Tuesday, our hound dog, loves to fetch. Let me rephrase that. She incessantly wants to fetch day and night. A ball, a toy, a stick, a rock. You name it, if this dog can get her mouth on it and bring it to you, she will. At first this game of hers seemed to be quite endearing, but four years later it has become a bit much. She eagerly waits for the words she knows … Go, Walk, Feed the horses. All these are cues to go outside and with that the opportunity to play. She also knows the routine of each day. Upon returning from taking my kids to school, I will always find her waiting for me at the back door, toy in mouth, ready to go on our daily walk.

Tuesday’s “toy” of choice over the years has became a rock. Despite the endless balls and toys to replace this rather bad choice, you’d find her digging up just the right rock and brining it to us to throw. Recently I invested in an ingenious rubberized “rock” toy that has become her favorite. She has four of them in a variety of neon colors. These gems are affectionately called her “babies.”

Since Tuesday was so good at verbal cues, I decided to take it one step further. Lets see how much she was “listening.” One day while doing the dishes, Tuesday and her other dog friends were hanging in the kitchen looking for possible hand outs. I just envisioned her neon pink rock and sent the thought, ” get your baby.” I gave her no verbal cues nor did I gesture in any direction. As a matter of fact, I didn’t even know where her “pink baby” was. I continued about my chore watching Tuesday out of the corner of my eye.  All of a sudden she jumped into action as if I had said aloud ” go find your baby!” I was amazed. She frantically ran from one end of the house to the other, nose to floor searching. She stood on her hind legs, looked on counters, ran under tables, came back to me as if to say ” do you have it?” Still not uttering a word, I let her continue to look until finally to my amazement she found it and excitedly brought it to me. Of course, I then had to go out and play with her. That was incredible.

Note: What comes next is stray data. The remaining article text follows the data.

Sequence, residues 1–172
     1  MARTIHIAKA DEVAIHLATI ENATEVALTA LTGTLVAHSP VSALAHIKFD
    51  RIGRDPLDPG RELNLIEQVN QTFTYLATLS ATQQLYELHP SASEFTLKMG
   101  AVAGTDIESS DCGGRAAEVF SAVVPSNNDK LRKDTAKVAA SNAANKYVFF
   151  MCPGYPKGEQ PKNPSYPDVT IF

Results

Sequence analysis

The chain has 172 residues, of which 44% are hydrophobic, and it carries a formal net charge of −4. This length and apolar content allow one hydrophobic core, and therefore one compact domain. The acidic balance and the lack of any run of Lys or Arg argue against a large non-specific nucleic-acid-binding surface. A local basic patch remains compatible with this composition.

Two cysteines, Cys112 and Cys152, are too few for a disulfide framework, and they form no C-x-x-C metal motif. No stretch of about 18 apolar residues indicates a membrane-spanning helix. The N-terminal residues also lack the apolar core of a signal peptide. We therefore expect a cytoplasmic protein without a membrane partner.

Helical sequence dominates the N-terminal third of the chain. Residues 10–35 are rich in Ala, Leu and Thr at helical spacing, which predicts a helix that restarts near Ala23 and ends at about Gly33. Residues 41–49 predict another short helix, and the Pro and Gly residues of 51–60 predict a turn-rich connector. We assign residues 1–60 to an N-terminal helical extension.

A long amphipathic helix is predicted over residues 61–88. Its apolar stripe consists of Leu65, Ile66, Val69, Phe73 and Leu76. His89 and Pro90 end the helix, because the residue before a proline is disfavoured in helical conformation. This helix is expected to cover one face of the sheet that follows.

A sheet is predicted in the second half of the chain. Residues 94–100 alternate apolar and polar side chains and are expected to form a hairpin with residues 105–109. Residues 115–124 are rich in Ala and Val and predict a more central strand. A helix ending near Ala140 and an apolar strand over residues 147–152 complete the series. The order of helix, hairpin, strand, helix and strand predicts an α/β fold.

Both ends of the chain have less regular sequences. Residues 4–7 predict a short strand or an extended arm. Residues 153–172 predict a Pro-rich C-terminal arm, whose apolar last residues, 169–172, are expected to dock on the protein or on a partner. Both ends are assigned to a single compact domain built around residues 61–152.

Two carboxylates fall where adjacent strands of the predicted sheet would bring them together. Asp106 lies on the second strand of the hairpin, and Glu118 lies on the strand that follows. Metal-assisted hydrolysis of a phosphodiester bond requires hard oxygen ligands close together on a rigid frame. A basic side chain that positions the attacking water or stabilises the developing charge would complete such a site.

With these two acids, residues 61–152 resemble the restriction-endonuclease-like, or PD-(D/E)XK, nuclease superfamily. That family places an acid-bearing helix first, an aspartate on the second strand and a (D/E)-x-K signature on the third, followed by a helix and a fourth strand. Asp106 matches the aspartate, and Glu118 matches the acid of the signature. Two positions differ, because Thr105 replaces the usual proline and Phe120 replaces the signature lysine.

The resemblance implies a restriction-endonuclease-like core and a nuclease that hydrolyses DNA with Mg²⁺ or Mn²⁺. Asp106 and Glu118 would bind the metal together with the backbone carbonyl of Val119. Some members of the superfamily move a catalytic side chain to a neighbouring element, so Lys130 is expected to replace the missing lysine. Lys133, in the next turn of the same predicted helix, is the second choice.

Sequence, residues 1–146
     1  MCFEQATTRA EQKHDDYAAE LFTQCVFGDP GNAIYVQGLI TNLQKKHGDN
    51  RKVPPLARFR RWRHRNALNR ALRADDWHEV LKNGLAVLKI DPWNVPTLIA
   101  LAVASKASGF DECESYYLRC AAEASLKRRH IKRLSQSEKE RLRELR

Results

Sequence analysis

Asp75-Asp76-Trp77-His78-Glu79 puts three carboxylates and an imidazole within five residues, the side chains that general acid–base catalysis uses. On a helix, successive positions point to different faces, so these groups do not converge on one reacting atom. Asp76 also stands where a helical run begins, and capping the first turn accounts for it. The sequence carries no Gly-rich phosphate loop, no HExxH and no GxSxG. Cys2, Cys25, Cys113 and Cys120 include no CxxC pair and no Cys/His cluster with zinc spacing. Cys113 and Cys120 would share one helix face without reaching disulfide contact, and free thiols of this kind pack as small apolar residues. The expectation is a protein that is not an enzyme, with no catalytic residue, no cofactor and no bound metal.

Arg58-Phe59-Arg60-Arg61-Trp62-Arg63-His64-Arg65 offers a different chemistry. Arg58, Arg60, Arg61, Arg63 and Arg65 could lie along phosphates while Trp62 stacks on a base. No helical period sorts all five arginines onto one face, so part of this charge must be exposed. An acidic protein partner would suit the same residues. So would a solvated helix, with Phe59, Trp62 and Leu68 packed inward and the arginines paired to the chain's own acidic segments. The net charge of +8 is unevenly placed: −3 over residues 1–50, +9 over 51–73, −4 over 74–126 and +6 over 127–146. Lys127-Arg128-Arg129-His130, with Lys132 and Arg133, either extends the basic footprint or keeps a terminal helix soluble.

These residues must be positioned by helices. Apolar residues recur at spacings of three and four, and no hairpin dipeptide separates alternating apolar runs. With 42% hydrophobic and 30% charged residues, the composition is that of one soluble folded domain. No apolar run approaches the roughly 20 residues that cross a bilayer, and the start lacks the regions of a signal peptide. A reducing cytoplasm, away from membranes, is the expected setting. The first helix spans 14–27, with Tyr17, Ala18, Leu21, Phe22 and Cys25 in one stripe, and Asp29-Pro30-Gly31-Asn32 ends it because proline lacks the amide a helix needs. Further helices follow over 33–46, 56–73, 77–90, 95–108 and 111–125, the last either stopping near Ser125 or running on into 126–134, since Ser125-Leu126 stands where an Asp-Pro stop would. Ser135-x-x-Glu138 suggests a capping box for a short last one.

The great part of having a menagerie is watching the dynamics between animals. During a recent walk on the farm, my horse Max inquired about this game he had witnessed so often. He watched as I repeatedly lobbed Tuesday’s neon green baby into a nearby field with interest. When the “baby” bounded into his field he decided it was time to play also. He trotted over to where the toy lay and gave it a good sniff. Tuesday, having missed which direction I threw it in, was busy trying to track it down in the opposite field. Max was quite pleased with himself for finding it first. I told Max to pick it up and when he wasn’t sure, I did it for him. But as soon as I did, he plucked it right out of my hands and proudly walked around with it for all to see. Apparently fetch isn’t just for dogs.

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